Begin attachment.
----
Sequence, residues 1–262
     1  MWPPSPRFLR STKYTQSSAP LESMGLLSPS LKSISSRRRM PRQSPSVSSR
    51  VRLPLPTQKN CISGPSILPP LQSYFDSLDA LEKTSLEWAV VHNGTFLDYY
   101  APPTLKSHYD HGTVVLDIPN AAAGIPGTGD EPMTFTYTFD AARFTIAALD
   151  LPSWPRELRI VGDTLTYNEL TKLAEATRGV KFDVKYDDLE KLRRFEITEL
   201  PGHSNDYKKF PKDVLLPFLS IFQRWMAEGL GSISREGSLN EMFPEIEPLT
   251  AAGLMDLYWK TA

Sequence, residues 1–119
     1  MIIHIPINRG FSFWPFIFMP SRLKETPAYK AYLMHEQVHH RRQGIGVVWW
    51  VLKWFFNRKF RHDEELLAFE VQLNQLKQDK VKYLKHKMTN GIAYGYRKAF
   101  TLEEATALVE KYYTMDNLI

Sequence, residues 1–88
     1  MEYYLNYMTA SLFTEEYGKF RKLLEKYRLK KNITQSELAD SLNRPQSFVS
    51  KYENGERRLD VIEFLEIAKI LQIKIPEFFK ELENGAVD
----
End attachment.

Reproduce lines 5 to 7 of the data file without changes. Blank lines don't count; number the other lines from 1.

   151  LPSWPRELRI VGDTLTYNEL TKLAEATRGV KFDVKYDDLE KLRRFEITEL
   201  PGHSNDYKKF PKDVLLPFLS IFQRWMAEGL GSISREGSLN EMFPEIEPLT
   251  AAGLMDLYWK TA